How it began at J Watumull Global Hospital & Research Centre

The founding of this renowned hospital goes back a quarter of a century. In 1989, Dr. Ashok Mehta, eminent head and neck cancer surgeon from Mumbai, visited the Prajapita Bhrama Kumaris Ishwariya Vishwa Vidyalaya global headquarters in Mt. Abu. It was his patient, Dadi Gulzar, a member of the Brahma Kumaris since its inception in the 1930, who motivated him to visit.

His visit opened his eyes to the world of the Brahma Kumaris and he realised that he deeply related with their principles of service. However, he felt that they needed an outlet/action for the spirituality that they preached. The fact that he himself was a doctor coupled with the backwardness of the Sirohi district (which Mt. Abu belongs to) led him to come up with the idea of setting up a hospital – as a hospital would give them an opportunity to serve the poor directly (spirituality was indirect).

While there was a Government hospital in the area, it functioned as most Government services do. So, the founders envisaged a secondary care hospital that would help bridge the yawning gap in health services in the district. The hospital could also cater to the needs of the Brahma Kumaris themselves (like the Breast Cancer treatment that Dadi Gulzar needed).

In 1991, two years after the initial seeds were sown, the building (what comprises of only the first wing) came up. A modern health facility that practiced holistic healthcare, the hospital’s bed strength of 457 served 700,000 district residents.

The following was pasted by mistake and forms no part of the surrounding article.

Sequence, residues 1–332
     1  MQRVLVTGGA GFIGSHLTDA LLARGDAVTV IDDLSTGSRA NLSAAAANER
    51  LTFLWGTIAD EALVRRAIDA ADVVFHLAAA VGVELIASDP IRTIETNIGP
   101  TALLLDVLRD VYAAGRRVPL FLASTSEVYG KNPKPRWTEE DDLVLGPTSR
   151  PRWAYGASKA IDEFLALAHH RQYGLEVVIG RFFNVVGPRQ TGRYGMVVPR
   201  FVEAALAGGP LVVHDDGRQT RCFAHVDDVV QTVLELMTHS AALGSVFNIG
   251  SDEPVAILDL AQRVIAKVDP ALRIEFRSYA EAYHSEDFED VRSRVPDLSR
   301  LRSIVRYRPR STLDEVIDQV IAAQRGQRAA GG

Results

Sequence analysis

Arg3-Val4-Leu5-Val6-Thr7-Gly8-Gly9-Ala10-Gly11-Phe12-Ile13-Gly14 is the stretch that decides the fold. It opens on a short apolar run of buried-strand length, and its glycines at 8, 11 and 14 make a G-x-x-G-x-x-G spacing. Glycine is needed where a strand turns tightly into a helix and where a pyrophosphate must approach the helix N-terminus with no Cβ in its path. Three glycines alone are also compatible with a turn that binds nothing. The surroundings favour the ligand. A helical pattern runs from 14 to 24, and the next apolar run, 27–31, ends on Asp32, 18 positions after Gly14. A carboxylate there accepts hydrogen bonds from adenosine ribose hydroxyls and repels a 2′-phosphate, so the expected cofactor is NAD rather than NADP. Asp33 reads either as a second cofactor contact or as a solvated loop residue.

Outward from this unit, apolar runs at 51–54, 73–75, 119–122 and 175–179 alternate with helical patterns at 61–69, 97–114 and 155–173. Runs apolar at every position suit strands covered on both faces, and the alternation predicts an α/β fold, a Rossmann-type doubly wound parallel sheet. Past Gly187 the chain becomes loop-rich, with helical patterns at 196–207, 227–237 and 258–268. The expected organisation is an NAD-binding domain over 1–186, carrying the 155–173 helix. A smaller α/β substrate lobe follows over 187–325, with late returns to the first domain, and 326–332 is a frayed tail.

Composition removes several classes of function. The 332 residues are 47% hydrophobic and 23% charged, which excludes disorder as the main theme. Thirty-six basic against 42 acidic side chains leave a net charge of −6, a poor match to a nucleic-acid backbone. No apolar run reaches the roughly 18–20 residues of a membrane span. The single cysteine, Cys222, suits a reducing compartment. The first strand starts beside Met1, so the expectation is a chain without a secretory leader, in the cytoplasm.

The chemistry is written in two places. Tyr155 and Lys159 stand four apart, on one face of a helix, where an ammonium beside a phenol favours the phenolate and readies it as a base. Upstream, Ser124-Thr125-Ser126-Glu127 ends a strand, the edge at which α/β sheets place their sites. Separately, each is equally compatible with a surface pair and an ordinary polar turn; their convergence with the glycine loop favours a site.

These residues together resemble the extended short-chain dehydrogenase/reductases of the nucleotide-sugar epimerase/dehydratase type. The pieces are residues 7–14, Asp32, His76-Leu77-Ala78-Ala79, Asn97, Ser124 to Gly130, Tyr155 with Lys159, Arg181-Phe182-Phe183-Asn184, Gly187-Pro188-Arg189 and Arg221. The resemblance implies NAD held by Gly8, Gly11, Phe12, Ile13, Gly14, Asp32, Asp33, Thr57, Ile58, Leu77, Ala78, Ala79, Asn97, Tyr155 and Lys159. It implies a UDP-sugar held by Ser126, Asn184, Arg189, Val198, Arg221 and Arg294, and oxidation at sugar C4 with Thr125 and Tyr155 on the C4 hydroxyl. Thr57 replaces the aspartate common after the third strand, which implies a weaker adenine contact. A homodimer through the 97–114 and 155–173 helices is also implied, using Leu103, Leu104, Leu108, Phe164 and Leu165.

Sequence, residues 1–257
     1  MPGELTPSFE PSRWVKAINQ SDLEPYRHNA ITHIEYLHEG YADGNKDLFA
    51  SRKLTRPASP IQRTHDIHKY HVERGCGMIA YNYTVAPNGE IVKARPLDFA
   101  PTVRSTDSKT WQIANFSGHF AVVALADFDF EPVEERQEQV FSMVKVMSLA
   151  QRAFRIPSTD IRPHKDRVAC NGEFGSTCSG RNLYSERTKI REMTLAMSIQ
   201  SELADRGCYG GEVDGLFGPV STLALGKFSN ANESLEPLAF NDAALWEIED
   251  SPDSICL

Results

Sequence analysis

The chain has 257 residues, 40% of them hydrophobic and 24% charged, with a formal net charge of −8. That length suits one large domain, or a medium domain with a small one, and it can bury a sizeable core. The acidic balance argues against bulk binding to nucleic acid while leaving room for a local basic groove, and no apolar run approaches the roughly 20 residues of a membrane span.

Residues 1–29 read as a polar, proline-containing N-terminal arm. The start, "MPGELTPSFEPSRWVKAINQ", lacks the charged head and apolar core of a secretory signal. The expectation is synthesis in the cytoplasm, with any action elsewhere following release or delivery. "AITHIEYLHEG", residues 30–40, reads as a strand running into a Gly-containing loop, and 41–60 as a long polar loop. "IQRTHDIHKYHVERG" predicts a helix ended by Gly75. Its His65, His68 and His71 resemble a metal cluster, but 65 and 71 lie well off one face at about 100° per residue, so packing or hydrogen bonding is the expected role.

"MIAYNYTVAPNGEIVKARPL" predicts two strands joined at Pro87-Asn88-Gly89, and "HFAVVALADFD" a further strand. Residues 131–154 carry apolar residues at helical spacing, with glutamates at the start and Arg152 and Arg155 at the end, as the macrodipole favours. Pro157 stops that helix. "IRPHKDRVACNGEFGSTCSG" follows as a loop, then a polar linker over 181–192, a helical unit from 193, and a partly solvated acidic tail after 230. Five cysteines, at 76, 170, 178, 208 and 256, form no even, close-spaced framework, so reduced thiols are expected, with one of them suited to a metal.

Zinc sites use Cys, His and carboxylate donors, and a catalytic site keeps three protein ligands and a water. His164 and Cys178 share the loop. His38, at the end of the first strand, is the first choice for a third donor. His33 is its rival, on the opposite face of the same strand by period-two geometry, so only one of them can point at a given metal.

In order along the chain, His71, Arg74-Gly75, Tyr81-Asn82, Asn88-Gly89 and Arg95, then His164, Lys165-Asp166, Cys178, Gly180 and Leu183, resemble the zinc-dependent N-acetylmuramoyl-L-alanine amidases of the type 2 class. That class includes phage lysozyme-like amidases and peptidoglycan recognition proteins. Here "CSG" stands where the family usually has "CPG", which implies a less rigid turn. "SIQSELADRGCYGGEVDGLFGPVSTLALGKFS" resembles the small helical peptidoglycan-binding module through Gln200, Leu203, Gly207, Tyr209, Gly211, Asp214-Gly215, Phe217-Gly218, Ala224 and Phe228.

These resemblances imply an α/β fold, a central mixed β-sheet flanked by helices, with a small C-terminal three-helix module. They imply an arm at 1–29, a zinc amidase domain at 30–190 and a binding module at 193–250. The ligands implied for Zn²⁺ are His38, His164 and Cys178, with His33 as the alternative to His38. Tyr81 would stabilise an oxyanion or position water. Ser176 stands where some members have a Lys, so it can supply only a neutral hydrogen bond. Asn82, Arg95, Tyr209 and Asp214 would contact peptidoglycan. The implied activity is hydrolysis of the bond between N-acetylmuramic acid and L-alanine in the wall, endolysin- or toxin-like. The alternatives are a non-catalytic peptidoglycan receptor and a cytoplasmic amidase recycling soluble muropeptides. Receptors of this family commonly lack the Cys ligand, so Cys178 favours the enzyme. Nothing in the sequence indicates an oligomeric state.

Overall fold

Later, Khuba Watumull and Gulab Watumull, of Mumbai and Hawai (USA) respectively, both businessmen who were followers of the Brahma Kumaris , took the project under their wings, and named the initiative J Watumull Global Hospital and Research Center, in memory of their late father.

The hospital’s mission is “to provide world class complete healthcare services, responsibly and with a human touch at affordable prices.” Guidelines followed keeping the mission in mind include:
– providing free consultations to all and free/nominally priced treatment to poor patients
– routinely providing basic health services to village dwellers and helping them access specialist consultations through special screening programmes

The hospital takes its mission seriously. So while it was intended to operate as a cross-subsidiary unit, the larger number of non-paying patients versus paying ones prevents this from happening as intended. But this has not deterred them from offering free/subsidised services. Imbibing principles of the BrahmaKumaris, they simply “give true services, and returns come”.

There is a deficit every year, which is currently being met through donations. So, while operating expenditure is being met, expansion is happening slowly. Besides donations, partial support comes from the Government too – the Government pays one-third of the cost of every free cataract surgery performed (under the National Programme for Control of Blindness).

Till date, Sirohi is one of the poorest districts of India – featuring at number 72 in a list of 100 most poor districts of the country. This only highlights the importance of this uniquely-principled hospital.

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